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Silk is a natural fiber, some forms of which can be woven into textiles. The highest quality silk is obtained from the cocoons made by the larvae of mulberry silkworms – Bombyx mori – and are raised in captivity in a process called sericulture. Other caterpillars produce ‘wild silks’ that do not have the same shimmer that true silk does and are very difficult to harvest and impossible to artificially cultivate. The use of these silks, as well as those produced by spiders and other insects, has always been rare and commercially unprofitable. If interested in this part of the process, Wormspit.com is the site for you!
It was the Chinese, over 4000 years ago, who first cultivated silk and created the sericulture process. Originally only worn by the Emperors, sericulture was a well-kept secret for over 30 centuries! China cornered the market in silk production and it was the staple of their economy, spreading to all parts of Asia, until 300 AD. But, good secrets do finally squeak out, and it was India that stole the recipe. The Byzantine Empire, during the time of Justinian in 550 AD, managed to obtain silkworms smuggled into Constantinople and later the Romans tried to keep the secret of sericulture tightly controlled. Julius Caesar forbid the wearing of silk garments to anyone but him, and even after his fateful demise silk remained a royal fabric for many centuries. However, by the 13th century silk was widely grown and traded. The Italians and later the French would lead the Western world for decades in sericulture. James I of England tried to establish the silk industry in both England and the Americas in the early 1600s with fair success in Kentucky by the Shakers, but total failure in England where it was just too damp for the worms to survive. Instead the industry managed to prosper to a fair degree by obtaining raw threads imported and a few cities blossomed in the trade, especially Manchester, Dublin, Spitalfields, and Derby – where, if you have read Loving Mr. Darcy, you know the oldest silk mill in all of England still stands!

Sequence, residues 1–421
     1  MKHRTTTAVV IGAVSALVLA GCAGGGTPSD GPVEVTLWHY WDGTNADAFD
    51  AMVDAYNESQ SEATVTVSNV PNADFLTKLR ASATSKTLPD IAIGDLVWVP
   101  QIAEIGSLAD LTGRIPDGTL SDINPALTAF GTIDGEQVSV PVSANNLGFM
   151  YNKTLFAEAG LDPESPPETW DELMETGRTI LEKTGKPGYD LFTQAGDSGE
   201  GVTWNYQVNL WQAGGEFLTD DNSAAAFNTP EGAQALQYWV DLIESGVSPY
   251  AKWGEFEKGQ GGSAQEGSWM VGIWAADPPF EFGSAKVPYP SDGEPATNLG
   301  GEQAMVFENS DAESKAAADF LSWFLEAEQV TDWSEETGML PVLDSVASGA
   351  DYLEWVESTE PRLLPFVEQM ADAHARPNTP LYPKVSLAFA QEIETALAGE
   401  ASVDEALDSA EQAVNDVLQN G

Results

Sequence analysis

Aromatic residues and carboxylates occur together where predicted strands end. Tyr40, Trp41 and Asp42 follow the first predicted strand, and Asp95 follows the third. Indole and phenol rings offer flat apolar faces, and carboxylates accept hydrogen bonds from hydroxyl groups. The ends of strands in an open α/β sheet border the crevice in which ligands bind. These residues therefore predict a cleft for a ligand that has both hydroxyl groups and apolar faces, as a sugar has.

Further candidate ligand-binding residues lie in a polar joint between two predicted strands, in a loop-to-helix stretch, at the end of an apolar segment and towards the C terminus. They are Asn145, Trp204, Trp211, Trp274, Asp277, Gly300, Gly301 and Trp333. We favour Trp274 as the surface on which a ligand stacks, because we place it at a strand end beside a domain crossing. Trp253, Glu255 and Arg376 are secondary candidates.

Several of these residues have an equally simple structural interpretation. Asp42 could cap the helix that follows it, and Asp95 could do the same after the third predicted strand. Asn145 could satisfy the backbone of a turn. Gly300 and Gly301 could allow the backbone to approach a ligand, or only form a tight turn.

Despite the proliferation in the industry and trade relations, silk remained rare and moderately expensive; a fabric for the rich. Even today, although far more available, it is costly and greatly supplanted by cheap synthetics like nylon. The stunning gown worn by Keira Knightley in the amazing movie Atonement was entirely of silk. Anyway, all this is to verify the commonness of silk as a fabric that has been around for millennia and readily available to the masses of England during the Regency, especially those who were fortunate enough to not worry over finances!
Taffeta: -noun 1) A medium- or light-weight fabric of acetate, nylon, rayon, or silk; usually smooth, crisp, and lustrous, plain woven, and with a fine crosswise rib effect. 2) Any of various other fabrics of silk, linen, wool, etc. in use at different periods. Origin: 1325-75, Middle English taffata from the Turkish tafta and Persian taftah> silken or linen cloth; related to Persian taftan> to twist or spin.
Taffeta originated in Persia and was exclusively made from silk. In respect to class and demand for luxuriousness, it was on par with satin made from silk; a ‘high end’ fabric preferred for ball gowns, wedding dresses, and draperies. Even today, although taffeta can be woven from synthetic threads, pure silk taffeta is the best. It has a glossy, polished appearance and can be woven with different methods to be stiff or soft. In the West taffeta gained its greatest popularity during the Tudor years as a favored fabric for the dresses of noble ladies. Detailed descriptions of Queen Elizabeth’s wardrobe extensively mentions taffeta, especially for the farthingales (hoop skirts). Shakespeare mentions it in Twelfth Night:
“Now, the melancholy god protect thee; and the tailor make thy doublet of changeable taffeta, for thy mind is a very opal!”
And he also has a quote in Henry IV when Prince Hal compares the sun to “a fair hot wench in flame colored taffeta.” Now, considering Matthew Macfadyen played Prince Hal on the London stage, I am really loving this reference! The creator of human flight in a hot air balloon, Joseph Montgolfier, used taffeta for his balloons in 1782. And, according to the Judiciary of England and Wales, taffeta has been one of the designated fabrics for judges’ robes since 1635.
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